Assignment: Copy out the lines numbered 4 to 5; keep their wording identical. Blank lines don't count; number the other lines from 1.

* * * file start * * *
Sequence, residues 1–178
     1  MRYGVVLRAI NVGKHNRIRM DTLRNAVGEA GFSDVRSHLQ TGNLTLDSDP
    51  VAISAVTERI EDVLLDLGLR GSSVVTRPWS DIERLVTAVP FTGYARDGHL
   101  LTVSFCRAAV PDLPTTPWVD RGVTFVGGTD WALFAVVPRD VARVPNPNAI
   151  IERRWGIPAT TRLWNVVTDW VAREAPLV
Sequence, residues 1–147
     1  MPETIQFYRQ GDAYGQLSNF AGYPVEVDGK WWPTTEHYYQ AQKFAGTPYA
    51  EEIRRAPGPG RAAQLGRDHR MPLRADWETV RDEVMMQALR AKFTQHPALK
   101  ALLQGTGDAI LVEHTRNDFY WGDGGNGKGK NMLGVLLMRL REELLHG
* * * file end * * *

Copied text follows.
   101  LTVSFCRAAV PDLPTTPWVD RGVTFVGGTD WALFAVVPRD VARVPNPNAI
   151  IERRWGIPAT TRLWNVVTDW VAREAPLV